Chances are, most campus cupboards harbor a stash of outdated or broken electronic equipment. The CPU with the busted fan, the cartridges for the printer replaced four years ago, the printer replaced four years ago, cables and chargers of all kinds…it's all in there, quietly collecting dust.
It's like leaving money piled in the closet. These outmoded heaps are not as worthless as they look. Any IU department can contact IU Surplus to remove unwanted electronic equipment at no charge, then either resell or recycle it. If the price is high enough, the department gets a cut of the sale. The buyer gets a perfectly usable computer for cheap. The university recoups some of its costs. And the environment isn't needlessly assaulted for the materials to build a new product, or by the toxic metals from electronic equipment left to pollute a landfill.
"The production of each computer and monitor can require up to 530 pounds of oil, 48 pounds of chemicals, and one and a half tons of water," said Noma Maier, UITS Sustainable IT Services project manager. "Each used computer sold or recycled means those resources do not have to be newly refined, mined, or created. When you think of the number of computers that we're repurposing, it's a huge cumulative effect."
A complete home PC system – that's computer, mouse, keyboard, and 15-inch monitor – sells for about $150. (Macs have a slightly higher resale value.) IU Surplus resold 9,000 computers last year and recycled countless others – with computer sales alone generating about $194,000 for the university in 2013, according to Todd Reid, marketing manager for IU Surplus Stores/IU Warehouse.
Refurbished computers are thoroughly tested before resale, but don't come with warranties. Customers with concerns about a computer's performance are encouraged to set up the computer on site and try it before they buy it. Campus departments that would like to repurpose broken or outmoded equipment need only fill out a quick form under "Transfer an Item" on the IU Surplus Stores website.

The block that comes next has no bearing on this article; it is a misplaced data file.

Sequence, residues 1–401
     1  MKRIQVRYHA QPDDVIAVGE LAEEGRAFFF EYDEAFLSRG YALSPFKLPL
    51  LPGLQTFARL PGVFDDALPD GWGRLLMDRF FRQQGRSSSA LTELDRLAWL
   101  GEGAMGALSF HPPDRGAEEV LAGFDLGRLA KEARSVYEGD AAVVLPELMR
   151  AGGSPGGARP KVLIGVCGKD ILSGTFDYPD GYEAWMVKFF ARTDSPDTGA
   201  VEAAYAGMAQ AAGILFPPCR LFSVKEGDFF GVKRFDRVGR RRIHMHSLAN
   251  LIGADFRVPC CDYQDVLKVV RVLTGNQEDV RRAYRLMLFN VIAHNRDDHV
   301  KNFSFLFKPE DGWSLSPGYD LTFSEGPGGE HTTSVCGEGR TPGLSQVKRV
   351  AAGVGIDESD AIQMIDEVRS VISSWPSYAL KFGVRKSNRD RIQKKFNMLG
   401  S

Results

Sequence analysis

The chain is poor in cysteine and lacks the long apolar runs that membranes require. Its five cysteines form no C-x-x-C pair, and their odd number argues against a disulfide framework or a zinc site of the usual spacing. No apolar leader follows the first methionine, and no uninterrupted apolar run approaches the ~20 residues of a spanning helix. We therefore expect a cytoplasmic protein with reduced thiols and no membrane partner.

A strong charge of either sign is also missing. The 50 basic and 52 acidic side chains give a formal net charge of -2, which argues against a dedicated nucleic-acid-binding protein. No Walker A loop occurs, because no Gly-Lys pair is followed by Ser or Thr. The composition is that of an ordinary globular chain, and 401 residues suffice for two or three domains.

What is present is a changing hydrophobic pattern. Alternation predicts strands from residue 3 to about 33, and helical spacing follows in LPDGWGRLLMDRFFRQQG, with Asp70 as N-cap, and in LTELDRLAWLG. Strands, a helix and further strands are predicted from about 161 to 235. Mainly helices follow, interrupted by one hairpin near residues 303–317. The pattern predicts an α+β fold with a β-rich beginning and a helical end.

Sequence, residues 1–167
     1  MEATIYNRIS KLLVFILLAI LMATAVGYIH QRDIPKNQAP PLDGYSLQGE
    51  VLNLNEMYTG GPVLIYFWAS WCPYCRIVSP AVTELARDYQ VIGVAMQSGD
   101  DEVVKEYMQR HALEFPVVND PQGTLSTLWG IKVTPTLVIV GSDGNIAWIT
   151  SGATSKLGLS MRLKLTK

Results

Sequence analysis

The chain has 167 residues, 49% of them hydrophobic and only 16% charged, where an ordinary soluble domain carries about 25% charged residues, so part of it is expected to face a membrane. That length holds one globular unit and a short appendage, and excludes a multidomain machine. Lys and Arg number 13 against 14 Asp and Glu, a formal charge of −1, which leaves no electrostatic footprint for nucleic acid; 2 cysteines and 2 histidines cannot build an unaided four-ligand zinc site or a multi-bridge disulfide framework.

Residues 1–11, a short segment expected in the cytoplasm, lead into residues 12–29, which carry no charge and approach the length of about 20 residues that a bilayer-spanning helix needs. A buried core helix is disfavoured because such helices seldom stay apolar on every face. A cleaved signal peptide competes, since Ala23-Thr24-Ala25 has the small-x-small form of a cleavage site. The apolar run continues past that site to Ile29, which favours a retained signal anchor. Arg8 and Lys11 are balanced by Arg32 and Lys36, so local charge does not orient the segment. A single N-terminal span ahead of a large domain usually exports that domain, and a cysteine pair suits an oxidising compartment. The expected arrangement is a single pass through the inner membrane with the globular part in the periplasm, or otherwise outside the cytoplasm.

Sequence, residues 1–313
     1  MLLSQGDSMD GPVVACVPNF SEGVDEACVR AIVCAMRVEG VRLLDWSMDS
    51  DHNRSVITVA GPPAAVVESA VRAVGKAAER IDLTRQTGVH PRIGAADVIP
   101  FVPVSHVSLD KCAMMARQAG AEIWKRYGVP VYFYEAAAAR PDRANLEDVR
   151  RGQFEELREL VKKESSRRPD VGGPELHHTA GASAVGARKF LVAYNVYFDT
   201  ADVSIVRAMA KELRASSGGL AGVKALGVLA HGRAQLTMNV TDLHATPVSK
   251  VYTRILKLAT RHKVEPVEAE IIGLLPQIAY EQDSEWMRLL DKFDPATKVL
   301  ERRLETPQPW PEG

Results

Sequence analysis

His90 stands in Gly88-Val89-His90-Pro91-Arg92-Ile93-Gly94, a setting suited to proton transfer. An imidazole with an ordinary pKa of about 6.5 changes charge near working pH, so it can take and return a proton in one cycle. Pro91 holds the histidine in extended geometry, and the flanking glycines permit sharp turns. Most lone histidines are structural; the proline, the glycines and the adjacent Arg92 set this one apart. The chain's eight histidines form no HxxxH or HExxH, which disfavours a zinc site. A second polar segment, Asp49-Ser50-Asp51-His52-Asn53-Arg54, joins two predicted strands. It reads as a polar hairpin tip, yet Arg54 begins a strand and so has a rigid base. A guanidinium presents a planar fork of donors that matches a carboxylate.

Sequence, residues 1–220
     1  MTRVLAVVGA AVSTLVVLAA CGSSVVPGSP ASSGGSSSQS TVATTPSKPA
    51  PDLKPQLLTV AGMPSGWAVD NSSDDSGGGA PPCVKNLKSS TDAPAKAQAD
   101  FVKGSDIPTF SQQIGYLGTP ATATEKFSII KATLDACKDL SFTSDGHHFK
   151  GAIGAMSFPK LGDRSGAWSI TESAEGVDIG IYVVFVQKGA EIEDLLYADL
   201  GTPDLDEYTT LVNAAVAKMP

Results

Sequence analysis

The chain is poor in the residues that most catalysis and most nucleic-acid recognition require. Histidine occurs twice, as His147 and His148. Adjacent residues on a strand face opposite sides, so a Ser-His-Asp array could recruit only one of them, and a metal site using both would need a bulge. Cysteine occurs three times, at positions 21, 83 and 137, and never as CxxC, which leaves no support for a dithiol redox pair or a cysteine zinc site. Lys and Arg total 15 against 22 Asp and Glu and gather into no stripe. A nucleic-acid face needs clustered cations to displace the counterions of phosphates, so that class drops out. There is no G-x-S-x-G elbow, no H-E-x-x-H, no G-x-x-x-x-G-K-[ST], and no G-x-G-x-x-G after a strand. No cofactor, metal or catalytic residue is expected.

All hard drives must be wiped before IU Surplus arrives to collect unwanted items. If the equipment is broken, it's helpful to mark it as such because IU Surplus can repair and resell it in some cases. Also note that IU Surplus cannot accept personal electronic devices for resale or recycling, but Monroe County Recycling Centers can.
Campus IT professionals are also welcome to contact IU Surplus for spare parts. "They should check here before they purchase something to rebuild or repair a computer because we probably have it," Reid said. "We have an entire area where computers we can't refurbish are being torn apart screw by screw for recycling, so anything they need is probably here. We have cables, wiring, all sorts of things."
On the flip side, if your department has excess goods (of any sort) another department could use, you can post those items on the university’s redistribution list as either for sale or for free. This saves the university money and keeps usable items out of storage or the landfill.
IU Surplus is very active on Facebook, as they never know what they're going to get or when. For the latest deals, check out the IU Surplus Facebook page.
If you're a department on a regional campus, visit the Knowledge Base for advice on repurposing or recycling your old equipment.